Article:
Never mind the fact that some European governments spent too much and saved too little, or that there was (is) a real risk of default on the part of some peripheral nations.
In a clear case of shoot the messenger, heads of state and supra-national institutions alike have condemned the fire-fuelling they consider to be the prime undertaking of Moody’s, Standard & Poor’s, Fitch and their lesser brethren.
But before we get belligerent on behalf of the ratings agencies, a step back, a deep breath and a bit of careful consideration might be worth our while.
First of all, how likely is is that this shake up will come to pass?
The European Commission is suggesting markets regulator Esma (European Sales and Markets Authority) should be allowed to suspend the ratings of a country under-going a bail out.
This would attempt to contain the contagion effect so many commentators have worried about throughout the debt crisis.
According to a draft of the proposals seen by the Financial Times, Esma would be able to ban sovereign ratings in exceptional situations to prevent "that credit ratings agencies issue sovereign ratings which do not accurately reflect the situation of the country concerned and could cause negative spillover effects to other countries".
Another measure put forward by the Commission for suggestion is that issuers of financial products in Europe should be forced to change the agency they use on a regular basis to prevent cosy relationships from developing.
The conflict of interest argument has long been apparent in so far as credit issuers pay the agencies that rate their credit.
But the agencies have been likened to the auditing profession in the way that there seems to be no genuine alternative.
Bryn Jones, head of fixed income at Rathbones Investment Management, said: "I don’t know how you get away from that conflict of interest, other than if there is a government funded agency. The government would have to take it out of the private domain and put it in the public domain. So it’s a situation we are going to live with for a long while."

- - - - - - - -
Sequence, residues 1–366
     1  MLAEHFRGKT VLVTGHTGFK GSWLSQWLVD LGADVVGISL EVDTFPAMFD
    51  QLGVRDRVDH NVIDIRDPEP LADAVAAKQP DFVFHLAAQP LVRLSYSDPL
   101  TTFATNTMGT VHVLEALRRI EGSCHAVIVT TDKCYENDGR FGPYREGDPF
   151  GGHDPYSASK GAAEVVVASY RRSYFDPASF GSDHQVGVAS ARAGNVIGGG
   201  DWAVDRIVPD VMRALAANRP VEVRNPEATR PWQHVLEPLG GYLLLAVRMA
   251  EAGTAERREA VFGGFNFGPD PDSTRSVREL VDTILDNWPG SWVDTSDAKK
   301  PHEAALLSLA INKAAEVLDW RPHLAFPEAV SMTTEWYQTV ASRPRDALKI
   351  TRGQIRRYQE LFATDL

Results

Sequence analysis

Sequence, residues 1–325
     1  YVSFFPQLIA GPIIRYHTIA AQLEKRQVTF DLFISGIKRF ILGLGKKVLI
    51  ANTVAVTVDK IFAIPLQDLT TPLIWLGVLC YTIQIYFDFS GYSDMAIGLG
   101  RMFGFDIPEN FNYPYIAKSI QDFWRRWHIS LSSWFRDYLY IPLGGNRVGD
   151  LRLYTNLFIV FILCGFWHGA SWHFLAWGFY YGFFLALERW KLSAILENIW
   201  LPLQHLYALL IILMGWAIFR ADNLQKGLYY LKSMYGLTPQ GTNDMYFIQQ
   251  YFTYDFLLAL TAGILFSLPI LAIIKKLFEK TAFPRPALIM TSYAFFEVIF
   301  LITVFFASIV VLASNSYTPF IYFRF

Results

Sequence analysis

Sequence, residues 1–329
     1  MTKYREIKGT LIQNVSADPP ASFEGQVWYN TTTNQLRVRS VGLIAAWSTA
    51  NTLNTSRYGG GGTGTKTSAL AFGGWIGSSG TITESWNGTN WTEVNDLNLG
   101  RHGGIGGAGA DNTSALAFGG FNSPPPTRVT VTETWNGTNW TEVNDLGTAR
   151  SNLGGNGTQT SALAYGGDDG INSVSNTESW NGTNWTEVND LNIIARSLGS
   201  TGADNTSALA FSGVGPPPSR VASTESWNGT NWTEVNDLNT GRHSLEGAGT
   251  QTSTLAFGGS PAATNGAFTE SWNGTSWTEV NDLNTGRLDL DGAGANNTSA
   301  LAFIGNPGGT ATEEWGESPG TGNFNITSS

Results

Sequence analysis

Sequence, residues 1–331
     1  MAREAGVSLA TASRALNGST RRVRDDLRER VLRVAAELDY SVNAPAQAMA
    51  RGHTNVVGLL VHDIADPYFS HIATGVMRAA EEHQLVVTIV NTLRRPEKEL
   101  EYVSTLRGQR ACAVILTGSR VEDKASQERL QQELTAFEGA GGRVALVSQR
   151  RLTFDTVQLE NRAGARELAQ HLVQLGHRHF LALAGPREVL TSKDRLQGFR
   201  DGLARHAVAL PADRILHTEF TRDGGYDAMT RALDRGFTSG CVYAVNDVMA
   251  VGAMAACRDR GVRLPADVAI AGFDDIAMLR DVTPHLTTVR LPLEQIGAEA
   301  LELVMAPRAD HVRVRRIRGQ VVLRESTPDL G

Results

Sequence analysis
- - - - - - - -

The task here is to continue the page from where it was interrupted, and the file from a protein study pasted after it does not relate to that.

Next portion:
He also expressed doubts at the ability of the EU to "bend the arm of S&P" to prevent it doing its job as it sees fit.
Incompetent and ill-timed?
Since 2007 the ratings agencies have come under fire for failing to downgrade ahead of time the assets of the financial institutions that led to the credit bubble and subsequent crisis.
Jones said the criticism the agencies are now facing is hypocritical, because now they are doing their job properly the governments don’t want to know.
Peter Harvey, head of credit at Cazenove Capital Management, said that aside from the hypocrisy, the new propositions would also prove to be "unworkable".
"You need to be following a company closely and for a long period of time in order to get expert knowledge of that company.
"These are knee jerk reactions from Brussels to some extent and the authorities are sending out contradictory messages."
Europe needs them
He explained that Europe "needs the ratings agencies" because the viability of the European Financial Stability Fund depends on the AAA rating it currently enjoys.
Harvey also said that like a lot of discussions happening at the European level at the moment, he doubted the proposals would be passed in their current form.
"A lot of these are just ideas that get floated about, only about 2% will ever come to pass."
For fixed income managers as a bunch the potential impact on the ratings agencies doesn’t concern them.
"Any fixed income manager worth their salt doesn’t rely on credit ratings agencies anyway," said Jones, "We do our own credit research and pick any problems up more quickly on our own."
On the part of the ratings agencies, only one of the big three saw fit to comment.
A spokesperson from Moody’s said: "According to reports, the Commission is likely to announce further proposals to regulate credit ratings agencies by the end of November.
"Based on news reports, the measures appear to include allowing regulators to interfere with agencies’ views, and even forbidding agencies to publish sovereign ratings.
"Proposals such as these will undermine investors’ confidence in European credits, disrupt access to capital markets for sovereign and corporate issuers, and increase volatility in the European credit markets.”